Dealing with pain


Living with pain can be one of the hardest parts of having rheumatoid arthritis (RA). Understanding pain and learning techniques that may help you cope with pain are an important part of managing your RA.


What causes pain

Pain due to RA can be caused by:

  • inflammation, the process that causes heat and swelling in your joints
  • damage to the joints
  • muscle tension, from trying to protect joints from painful movements.


There may not be a cure for your pain but you can learn to manage it. Try different techniques to find what works best for you.


Pain can be a vicious cycle

The experience of pain is very personal. That is because pain does not occur in isolation but is influenced by many things such as stress, fatigue (tiredness) your mood (anxiety and depression).  For example, people who feel depressed or anxious have been found to be more sensitive to pain. This can make your pain feel worse, which can lead to a continuing cycle of fatigue and depression.

The good news is that this pain cycle can be broken by using some of the strategies described below.


What can I do to manage my pain?

Pain may limit some of the things you do, but it doesn’t have to control your life. Your mind plays an important role in how you feel pain. Thinking of pain as a signal to take positive action rather than being scared or worried about it can be helpful. Also you can learn ways to manage your pain. What works for one person may not work for another, so you may have to try different techniques until you find what works best for you.

Here are some things you can try:

  • Take medicines wisely. Many different types of medicines can help control the pain of RA. Your doctor or pharmacist can help you understand which medicines are right for you and how best to use them.
  • Exercise. Research has shown that regular appropriate physical activity can help reduce pain. It also keeps your joints moving, strengthens muscles to support your joints, reduces stress and improves sleep. A health professional (e.g. a physiotherapist or exercise physiologist) or your doctor can help you work out a program suitable for you.
  • Use heat and cold. The benefits of heat and cold for arthritis are yet to be proven by research. However, these treatments are soothing and safe when used carefully. Heat relaxes your muscles and stimulates blood circulation. You could try a warm bath, or place a heat pack or hot water bottle over the painful area for 15 minutes. Cold numbs the painful area and reduces swelling. Applying cold treatments, such as ice packs, to the painful area for 15 minutes may be especially useful for hot, swollen joints, such as during a ‘flare’. You can repeat heat or cold treatments throughout the day. Make sure the temperature of your skin has returned to normal before re-applying, to prevent any tissue damage. Ask your doctor or physiotherapist whether heat or cold is best for you.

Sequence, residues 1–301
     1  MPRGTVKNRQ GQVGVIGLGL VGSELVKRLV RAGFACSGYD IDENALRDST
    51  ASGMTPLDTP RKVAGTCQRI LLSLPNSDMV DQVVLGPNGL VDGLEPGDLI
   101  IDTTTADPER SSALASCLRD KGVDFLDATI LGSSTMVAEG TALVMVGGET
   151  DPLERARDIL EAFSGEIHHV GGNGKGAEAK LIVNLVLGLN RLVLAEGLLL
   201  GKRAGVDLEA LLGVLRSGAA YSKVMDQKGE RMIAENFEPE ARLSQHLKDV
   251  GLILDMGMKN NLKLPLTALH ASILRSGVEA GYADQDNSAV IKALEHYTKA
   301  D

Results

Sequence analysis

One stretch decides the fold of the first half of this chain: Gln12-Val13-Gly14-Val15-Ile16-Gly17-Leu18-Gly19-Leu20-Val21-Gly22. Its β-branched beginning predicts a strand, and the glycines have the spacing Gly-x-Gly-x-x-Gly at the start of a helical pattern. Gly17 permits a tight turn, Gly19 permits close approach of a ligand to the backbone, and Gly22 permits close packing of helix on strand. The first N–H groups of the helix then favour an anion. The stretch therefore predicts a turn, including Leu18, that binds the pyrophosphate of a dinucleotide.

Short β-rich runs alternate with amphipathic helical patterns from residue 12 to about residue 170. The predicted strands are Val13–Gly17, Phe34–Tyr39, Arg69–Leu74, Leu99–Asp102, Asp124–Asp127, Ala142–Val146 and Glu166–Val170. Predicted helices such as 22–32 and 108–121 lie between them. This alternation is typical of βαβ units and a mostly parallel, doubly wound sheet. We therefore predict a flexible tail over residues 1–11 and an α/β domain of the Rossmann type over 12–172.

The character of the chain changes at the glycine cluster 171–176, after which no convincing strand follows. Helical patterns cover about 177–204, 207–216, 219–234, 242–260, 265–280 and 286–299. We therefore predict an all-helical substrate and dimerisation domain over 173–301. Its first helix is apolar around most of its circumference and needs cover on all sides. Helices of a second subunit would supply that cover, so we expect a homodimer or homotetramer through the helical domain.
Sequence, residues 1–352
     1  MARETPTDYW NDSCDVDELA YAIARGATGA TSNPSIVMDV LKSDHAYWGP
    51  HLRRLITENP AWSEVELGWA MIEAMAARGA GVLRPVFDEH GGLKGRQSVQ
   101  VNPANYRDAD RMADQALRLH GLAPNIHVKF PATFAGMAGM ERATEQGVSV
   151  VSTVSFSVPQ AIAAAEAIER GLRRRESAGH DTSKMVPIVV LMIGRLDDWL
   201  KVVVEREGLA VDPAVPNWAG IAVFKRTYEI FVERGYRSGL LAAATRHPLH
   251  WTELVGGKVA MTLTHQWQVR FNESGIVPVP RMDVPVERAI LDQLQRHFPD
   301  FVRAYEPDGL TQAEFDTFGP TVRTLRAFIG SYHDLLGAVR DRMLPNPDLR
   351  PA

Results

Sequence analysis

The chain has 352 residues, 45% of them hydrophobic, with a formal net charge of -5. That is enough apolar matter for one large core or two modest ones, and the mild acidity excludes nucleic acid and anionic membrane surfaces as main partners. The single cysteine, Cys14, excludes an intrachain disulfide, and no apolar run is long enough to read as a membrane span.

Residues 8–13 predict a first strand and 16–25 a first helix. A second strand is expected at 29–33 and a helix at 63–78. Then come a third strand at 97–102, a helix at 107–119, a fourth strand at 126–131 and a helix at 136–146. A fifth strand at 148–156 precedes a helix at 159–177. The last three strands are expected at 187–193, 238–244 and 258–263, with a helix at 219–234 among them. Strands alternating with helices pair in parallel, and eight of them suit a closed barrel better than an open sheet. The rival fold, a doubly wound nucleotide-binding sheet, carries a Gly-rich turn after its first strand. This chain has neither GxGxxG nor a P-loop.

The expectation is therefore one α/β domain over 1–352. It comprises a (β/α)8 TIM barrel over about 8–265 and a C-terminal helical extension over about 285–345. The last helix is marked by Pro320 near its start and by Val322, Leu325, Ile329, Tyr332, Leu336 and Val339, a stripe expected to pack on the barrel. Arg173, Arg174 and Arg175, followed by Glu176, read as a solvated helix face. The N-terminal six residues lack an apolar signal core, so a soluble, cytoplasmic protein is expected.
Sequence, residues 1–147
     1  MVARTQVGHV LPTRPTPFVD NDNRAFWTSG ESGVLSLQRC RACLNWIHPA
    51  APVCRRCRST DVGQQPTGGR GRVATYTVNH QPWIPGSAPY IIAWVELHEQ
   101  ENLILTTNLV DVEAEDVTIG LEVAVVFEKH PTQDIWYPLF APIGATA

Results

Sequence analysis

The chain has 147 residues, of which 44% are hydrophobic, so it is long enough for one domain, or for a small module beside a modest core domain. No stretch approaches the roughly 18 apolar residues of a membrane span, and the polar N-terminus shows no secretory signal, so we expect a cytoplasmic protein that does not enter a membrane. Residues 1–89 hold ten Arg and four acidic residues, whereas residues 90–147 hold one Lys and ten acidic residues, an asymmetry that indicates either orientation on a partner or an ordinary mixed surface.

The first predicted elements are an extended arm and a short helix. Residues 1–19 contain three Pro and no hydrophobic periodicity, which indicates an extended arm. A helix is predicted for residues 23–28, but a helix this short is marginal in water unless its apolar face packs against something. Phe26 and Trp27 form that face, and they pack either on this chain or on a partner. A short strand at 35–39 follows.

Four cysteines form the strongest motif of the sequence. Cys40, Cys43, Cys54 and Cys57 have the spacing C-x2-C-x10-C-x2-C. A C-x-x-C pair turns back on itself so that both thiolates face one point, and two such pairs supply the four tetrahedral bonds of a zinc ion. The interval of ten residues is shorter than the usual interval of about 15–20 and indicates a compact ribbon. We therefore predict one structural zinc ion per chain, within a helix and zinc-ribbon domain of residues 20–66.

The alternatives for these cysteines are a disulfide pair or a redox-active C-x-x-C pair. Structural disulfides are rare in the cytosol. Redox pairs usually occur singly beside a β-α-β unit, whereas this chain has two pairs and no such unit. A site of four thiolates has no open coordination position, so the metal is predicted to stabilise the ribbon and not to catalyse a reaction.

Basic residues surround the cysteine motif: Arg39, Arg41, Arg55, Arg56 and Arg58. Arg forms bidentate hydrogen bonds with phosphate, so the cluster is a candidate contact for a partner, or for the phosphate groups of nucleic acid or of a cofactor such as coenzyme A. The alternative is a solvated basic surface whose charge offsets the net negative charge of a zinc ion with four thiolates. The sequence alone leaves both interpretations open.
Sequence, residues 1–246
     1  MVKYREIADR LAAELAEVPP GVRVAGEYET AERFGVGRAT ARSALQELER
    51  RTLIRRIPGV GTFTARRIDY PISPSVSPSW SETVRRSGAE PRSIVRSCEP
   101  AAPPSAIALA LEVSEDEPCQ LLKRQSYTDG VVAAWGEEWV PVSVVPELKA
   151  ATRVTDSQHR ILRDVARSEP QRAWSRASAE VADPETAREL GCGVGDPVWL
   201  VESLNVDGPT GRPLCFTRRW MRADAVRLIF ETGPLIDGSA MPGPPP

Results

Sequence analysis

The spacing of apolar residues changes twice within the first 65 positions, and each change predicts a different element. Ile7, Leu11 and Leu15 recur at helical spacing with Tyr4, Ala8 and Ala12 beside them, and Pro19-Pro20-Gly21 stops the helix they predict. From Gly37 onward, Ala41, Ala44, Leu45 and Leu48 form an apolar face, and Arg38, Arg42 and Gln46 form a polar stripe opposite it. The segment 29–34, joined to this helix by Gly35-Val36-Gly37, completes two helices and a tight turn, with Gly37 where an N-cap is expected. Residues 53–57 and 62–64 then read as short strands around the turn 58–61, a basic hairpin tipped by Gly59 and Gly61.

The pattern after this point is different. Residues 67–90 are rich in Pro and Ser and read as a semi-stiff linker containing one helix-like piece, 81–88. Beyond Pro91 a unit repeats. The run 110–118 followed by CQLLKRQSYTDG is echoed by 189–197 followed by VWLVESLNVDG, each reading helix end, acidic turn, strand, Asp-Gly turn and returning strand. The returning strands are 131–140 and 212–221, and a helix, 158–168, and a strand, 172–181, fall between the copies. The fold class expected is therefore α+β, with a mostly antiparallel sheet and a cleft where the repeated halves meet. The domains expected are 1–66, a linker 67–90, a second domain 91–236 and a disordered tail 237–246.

• Take care of your joints and save energy. Looking after your joints during your daily activities can help reduce pain, stress and tiredness. It involves simple habits such as: – avoiding activities that cause pain – asking for help when you need it – using special aids and gadgets to make tasks easier. See Fatigue and arthritis.
  • Massage. There are limited scientific studies that show massage may temporarily improve pain and mobility of joints and muscles. Make sure the massage therapist has experience working with people who have arthritis. You can find a qualified therapist by contacting the Australian Association of Massage Therapists, or the Institute of Registered Myotherapists of Australia.
  • Acupuncture. Acupuncture is an ancient Chinese practice of putting small, thin needles into the skin at specific points on the body to block the pain signal. There is limited evidence about the effectiveness of acupuncture in RA. However some people may find it useful alongside other proven treatments, such as medicines. The Australian Acupuncture and Chinese Medicine Association can help you find an accredited practitioner.
  • Transcutaneous electrical nerve stimulation (TENS). A TENS machine applies very mild electric pulses to block pain messages going from the painful area to your brain. TENS can be useful for longer-term pain but does not work for all people. See a physiotherapist to trial a TENS machine, and to learn how to use it correctly, before you buy one.
  • Mind techniques. A trained professional, such as a psychologist, can help you learn relaxation and pain coping skills so you can better manage your pain. Some of these techniques include:
    • Relaxation: Relaxation techniques, such as deep breathing, guided imagery (mental pictures) and progressive muscle relaxation, can help you reduce stress and muscle tension. These techniques need to be practised and you may have to try several methods before you find one that works for you. You may find it helpful to use recordings, CDs and book to help you learn relaxation techniques.
    • Mindfulness Based Stress Reduction: This is a structured program developed at the University of Massachusetts Medical School. It helps you become aware of thoughts that may be exaggerated or unhelpful and then how to respond to them.


Contact your local Arthritis Office for details of self management courses that can teach you these techniques. You may also find it useful to see a psychologist to learn other mind techniques to help you cope with pain.